In the last few days, Mexico has reeled under a sudden and vicious outbreak of the little known swine flu also known as Influenza A H1N1, leaving an estimated 100 dead in Mexico and 658 worldwide. But in a globalized world with advanced communications, panic spread equally fast as reports of afflicted people came in from all over including the U.S., Israel, Germany and even far flung New Zealand.
The situation is most comparable to the SARS pandemic of 2003, which caused Singapore and Hong Kong to slip into recession. According to the Asian Development Bank (ADB), SARS eroded the nominal GDP of East and Southeast Asia by about $18 billion or 0.6 percentage points of the 2003 GDP. In an estimate that the World Bank released in October 2008, a flu pandemic has the potential to wipe out $3 trillion from the world economy.
Fear is already wreaking havoc with stocks and the market in general. Oil prices have dropped by 3% since the threat of a pandemic was raised in the last few days. Trade, which is already in a fragile condition due to the global recession, is especially vulnerable. Nine countries including Russia and China have already imposed bans on pork imports from Mexico, and states in the U.S. like California.
Mexico, of course, has suffered the hardest of setbacks. Food industries have been the worst hit as the Mexican government has ordered restaurants to remain closed to the public allowing them to maintain only a trickling take-out service. This measure is to be followed until May 5th and is expected to affect more than 30,000 businesses. Mexico City wears the look of a ghost town with bars, nightclubs, gyms and cinemas, centers of the famous Mexican jollity, being ordered to shut down.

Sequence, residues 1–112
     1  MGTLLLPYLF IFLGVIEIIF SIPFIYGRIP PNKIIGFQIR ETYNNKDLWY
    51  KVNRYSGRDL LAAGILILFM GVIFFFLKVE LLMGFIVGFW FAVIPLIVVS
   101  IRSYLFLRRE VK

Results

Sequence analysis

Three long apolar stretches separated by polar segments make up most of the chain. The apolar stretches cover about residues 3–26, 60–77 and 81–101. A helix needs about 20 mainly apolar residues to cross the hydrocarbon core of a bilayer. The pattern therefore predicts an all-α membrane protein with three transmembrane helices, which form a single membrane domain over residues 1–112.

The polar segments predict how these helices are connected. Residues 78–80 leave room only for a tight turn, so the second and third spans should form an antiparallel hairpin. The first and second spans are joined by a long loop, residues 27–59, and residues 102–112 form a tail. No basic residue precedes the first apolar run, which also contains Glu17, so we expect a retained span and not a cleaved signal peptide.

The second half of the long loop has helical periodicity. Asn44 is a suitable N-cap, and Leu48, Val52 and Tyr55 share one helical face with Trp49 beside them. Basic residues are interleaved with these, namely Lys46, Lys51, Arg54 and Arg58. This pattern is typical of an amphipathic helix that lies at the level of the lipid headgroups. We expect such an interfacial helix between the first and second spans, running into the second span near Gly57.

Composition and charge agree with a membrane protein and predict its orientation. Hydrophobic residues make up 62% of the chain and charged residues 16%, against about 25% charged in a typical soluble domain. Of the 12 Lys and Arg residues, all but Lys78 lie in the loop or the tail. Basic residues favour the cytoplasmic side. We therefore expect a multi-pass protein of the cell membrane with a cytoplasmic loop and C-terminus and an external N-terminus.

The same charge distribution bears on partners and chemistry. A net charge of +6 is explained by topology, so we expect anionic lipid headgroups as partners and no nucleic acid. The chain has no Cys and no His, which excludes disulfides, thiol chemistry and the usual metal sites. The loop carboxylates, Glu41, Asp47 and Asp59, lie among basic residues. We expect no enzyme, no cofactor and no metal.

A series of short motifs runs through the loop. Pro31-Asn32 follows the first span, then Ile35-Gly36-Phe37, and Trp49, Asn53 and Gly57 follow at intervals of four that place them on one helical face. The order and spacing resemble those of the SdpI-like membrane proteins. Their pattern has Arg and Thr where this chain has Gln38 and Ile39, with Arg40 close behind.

Just as the 2003 SARS panic drove tourist arrivals down massively by 20% to 70% in the affected countries, Mexico’s tourism industry is already showing signs of waning. In a nation where tourism is the third largest source of income, drawing $13.3 billion into the economy in 2008, the prospect of bulk cancellations or postponement of travel by visitors is extremely worrying. It was only recently that the International Monetary Fund (IMF) predicted that Mexico’s economy would shrink by about 4% this year due to the global recession. The peso had its biggest tumble in six months sinking by about 6.2% in the last two days. Now, Mexico might have to fall back on a $47 billion lifeline of credit, offered by the IMF sometime ago.
But the swine flu outbreak has touched the global economy in various ways, and some stand to benefit.. For instance, shares of pharmaceutical companies that manufacture anti-swine flu medicines like Tamiflu and Relenza have surged. Ultimately, the swine flu outbreak will probably result in a spike in sales of vitamins, over-the-counter cold meds, hand sanitizers and surgical masks. Long simmering immigration issues have also boiled up to the surface with some staunch advocates of tighter immigration rules in the U.S. calling for the closure of the border with Mexico.
The last time a pandemic caused pandemonium was when the ‘Hong Kong flu’ struck in 1968, killing an estimated one million people worldwide. The more recent SARS scare paled in comparison, affecting only 8,000 people worldwide. But this time, the potential of a pandemic striking in tandem with a raging global recession has cast economic shivers globally as well.
Postcards from Around the World
Subscribe to get our global publications by email.